“My plans never work out.” The wails of a three year-old. He’s sitting straight up in his chair, arms limp by his sides, crocodile tears spilling over and down his face.
“Get the food out of your cheek. Chew and swallow. You have thirty seconds or no cake.”
“I hate it when you set a timer!”
“If you’d eat your food, there wouldn’t be a timer.”
“This is not fair.” He immediately begins to chew.
“Ten seconds. Have you swallowed?”
“Show me your mouth.” He opens his mouth, now empty.
“Good. Now three bites of broccoli and three more bites of steak.”
“More bites?!” More wails. “My plans never work out.”
“May I have ketchup?” Ketchup is added to his plate.
“This is good!” He eats all six bites, all covered in ketchup (including the broccoli). “Done!”
“Now was that so hard?”
“Nope! That was easy!”
For years, the birthday tradition at our house has been chocolate cake with chocolate icing. And, if you’re the birthday person, you get to eat a piece for breakfast the next day. When Littlest entered the picture however, he provided his own twist. Due to his refusal to eat almost everything, especially meat, he’s only gotten cake after a birthday meal about three times in his whole young life and that includes the birthday meals of everyone in the family, not just his birthday.
The food fight at our house started long ago with Oldest. As an infant, she would eat only orange food. We once took her to the pediatrician because we were afraid she was jaundiced. Turned out, it was her orange diet that was providing her orange glow.
When she got old enough to eat table food, she decided she would only eat cheese and peaches. We tried everything to get her to widen her tastes, including allowing our cat to sit next to her high chair on a bar stool for distraction. We also had a musical toy with a pull string that helped. The trick was to hold it in your mouth, pull the string, and quickly shovel in the food while the music played. No easy feat, but it worked at least for a while.
Then there was the Three Bite War. While she extended her horizons and started eating more of a variety, she’d still refuse to eat sometimes. One Sunday at lunch she simply said, “No.” Kent told her she couldn’t get down from her high chair until she’d eaten three bites. When we were done with our lunch, she still hadn’t eaten her three bites. I cleaned up the table and kitchen while Kent sat beside her and read the Sunday paper. (That was when the Sunday paper was a thing, lots of sections like news, sports, comics, classified ads.) Reading it took a while.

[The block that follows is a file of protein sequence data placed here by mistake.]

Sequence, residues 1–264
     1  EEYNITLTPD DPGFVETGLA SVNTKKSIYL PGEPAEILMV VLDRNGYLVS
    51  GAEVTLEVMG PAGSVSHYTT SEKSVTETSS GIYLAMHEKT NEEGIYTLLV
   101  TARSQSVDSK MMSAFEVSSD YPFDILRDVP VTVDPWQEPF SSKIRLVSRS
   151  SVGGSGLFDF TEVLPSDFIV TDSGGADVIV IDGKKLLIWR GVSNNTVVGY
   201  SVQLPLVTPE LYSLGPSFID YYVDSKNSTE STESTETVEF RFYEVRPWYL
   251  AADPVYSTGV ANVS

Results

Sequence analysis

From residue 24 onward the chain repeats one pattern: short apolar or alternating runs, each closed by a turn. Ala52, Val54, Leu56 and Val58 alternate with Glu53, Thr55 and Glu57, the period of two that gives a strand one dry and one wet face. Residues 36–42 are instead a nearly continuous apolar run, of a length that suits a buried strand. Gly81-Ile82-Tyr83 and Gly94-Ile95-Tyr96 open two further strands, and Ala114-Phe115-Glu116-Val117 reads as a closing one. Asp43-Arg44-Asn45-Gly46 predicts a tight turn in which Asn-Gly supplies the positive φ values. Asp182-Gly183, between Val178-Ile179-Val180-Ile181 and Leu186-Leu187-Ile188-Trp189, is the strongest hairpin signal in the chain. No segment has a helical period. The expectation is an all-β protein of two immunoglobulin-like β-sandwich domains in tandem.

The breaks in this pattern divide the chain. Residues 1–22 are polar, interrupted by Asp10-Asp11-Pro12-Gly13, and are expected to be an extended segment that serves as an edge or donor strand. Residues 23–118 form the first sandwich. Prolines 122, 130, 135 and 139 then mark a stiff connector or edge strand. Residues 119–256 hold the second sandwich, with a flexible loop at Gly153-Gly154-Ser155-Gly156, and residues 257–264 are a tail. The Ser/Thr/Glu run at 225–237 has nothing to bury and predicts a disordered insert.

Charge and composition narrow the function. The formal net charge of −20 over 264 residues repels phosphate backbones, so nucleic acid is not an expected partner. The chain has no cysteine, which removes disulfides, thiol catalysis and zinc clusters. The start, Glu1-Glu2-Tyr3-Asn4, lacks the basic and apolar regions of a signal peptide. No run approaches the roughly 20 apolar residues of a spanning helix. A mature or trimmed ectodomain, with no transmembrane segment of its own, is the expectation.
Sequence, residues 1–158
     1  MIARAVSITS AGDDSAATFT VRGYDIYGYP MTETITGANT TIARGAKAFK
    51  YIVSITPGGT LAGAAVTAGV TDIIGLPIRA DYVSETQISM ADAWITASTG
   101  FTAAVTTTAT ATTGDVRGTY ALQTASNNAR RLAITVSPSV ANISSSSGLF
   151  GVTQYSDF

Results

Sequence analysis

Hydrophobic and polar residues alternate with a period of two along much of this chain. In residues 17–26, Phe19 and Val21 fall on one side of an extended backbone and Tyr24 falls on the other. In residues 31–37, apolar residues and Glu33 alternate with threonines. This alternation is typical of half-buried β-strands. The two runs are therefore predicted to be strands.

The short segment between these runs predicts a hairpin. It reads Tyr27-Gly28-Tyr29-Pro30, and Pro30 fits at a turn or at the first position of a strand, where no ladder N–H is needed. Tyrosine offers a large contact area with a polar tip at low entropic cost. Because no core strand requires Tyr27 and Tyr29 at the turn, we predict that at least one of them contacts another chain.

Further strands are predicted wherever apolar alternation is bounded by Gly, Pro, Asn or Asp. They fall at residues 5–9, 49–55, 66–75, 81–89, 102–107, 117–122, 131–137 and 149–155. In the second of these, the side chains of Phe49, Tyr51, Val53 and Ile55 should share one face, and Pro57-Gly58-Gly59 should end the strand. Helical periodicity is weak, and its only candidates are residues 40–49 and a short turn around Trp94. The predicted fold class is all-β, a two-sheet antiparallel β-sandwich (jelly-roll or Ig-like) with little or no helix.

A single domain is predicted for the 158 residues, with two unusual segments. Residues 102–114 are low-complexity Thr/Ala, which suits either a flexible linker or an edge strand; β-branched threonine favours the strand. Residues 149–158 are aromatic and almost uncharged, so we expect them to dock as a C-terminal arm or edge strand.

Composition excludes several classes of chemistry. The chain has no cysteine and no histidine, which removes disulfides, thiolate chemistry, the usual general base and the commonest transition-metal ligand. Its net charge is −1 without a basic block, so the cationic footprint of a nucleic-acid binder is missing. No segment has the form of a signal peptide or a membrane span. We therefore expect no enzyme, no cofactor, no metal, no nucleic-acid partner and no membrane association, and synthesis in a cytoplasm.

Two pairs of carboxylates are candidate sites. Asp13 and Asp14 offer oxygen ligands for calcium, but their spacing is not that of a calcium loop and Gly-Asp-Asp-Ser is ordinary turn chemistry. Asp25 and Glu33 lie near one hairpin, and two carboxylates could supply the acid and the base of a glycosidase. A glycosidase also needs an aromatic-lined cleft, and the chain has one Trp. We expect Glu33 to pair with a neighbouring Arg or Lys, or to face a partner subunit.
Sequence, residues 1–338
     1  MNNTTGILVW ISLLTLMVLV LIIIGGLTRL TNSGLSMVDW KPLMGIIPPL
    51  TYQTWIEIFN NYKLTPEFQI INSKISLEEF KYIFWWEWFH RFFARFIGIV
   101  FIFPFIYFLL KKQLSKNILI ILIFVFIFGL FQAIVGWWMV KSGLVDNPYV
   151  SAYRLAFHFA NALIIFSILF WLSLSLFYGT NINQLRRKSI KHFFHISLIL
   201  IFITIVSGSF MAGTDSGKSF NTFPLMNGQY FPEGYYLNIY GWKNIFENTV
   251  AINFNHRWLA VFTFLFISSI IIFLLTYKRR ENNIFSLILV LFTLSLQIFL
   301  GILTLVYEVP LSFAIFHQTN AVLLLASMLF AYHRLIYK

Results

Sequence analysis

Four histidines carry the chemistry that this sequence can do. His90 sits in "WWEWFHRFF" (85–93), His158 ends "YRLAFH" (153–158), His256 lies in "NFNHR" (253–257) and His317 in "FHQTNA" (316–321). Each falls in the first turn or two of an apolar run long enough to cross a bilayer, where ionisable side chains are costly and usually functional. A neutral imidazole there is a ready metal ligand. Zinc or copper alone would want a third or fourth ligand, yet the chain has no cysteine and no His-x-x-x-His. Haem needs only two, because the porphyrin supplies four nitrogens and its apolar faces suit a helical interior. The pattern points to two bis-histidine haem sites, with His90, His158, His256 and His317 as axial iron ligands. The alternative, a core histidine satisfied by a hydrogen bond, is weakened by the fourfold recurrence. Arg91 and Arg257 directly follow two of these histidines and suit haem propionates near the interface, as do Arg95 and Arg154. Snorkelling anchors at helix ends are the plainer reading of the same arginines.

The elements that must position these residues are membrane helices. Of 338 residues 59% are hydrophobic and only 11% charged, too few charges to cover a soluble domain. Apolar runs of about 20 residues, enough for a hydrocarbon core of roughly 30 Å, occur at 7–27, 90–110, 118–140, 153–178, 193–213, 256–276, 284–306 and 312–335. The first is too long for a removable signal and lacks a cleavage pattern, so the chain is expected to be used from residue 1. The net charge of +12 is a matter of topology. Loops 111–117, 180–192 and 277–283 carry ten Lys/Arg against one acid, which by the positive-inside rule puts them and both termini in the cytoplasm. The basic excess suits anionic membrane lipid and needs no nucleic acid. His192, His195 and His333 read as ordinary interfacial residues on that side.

He calmly read the entire paper, stopping periodically to tell her she couldn’t get down until she finished her three bites. She calmly stuck her lip out each time and refused. No drama, just, “No.” When he was done with the paper, he turned to her and said, “You can get down and play if you will eat your three bites.” She locked eyes with him, ate all three bites in quick succession, and was released from the chair. A battle, but Kent won.
It was more a battle of wills at that point, not food preferences, but we knew better than to back down. Our consistency paid off in the future, too. She knew the rules were firm and fair. And as Middle and Youngest followed behind, the precedent set with Oldest made it easier for all of us. The food fights were still part of life, but it was less stressful with a plan in place. Most of the time no one felt like, “My plans never work out.”
Teaching kids to eat is tough, especially since it’s not completely about the food. You want them to get the nutrition they need, but you also want to allow them to have favorite foods and preferences. I tried to make a menu that included a wide variety of colors, spices, textures, and tastes. My hope was that they would learn to try new things and develop a wide palate while eating healthfully. At every meal the kids were expected to try everything—more than once. They were allowed to express their opinions, but no one was allowed to make negative remarks.
One Thanksgiving I’d made sweet potatoes, the kind with butter, sugar, and pecans—you know, lots of artery-clogging calories. One of the kids said, “These are disgusting.” The other two agreed enthusiastically. Kent made them all take double portions and eat every bite. The general consensus among our three that day was, “My plans never work out.” But after that, even if someone really didn’t like a particular food, they learned to express their opinion in a polite manner that was appreciative of the fact that we had food on the table and in a way that didn’t insult the cook.
Winning the food fight with kids is challenging but not impossible if you’re always on the lookout for good ideas. On social media the other day, I saw a friend providing charcuterie to her kids for lunch. What a great way to appeal to picky eaters! It’s fun and if everything on the board is good for them, it makes sure they get to have nutritious choices and still succeed at the food game.
I want to try charcuterie soon with our littles. In fact, maybe we’ll do that for the next birthday meal. Then, Littlest won’t have to take his cake home in a to-go box.
If you have ideas that have worked at your house, leave them in the comments. We’d love to hear them!
Meanwhile, we hope your summer is full of food, fun and summer treats!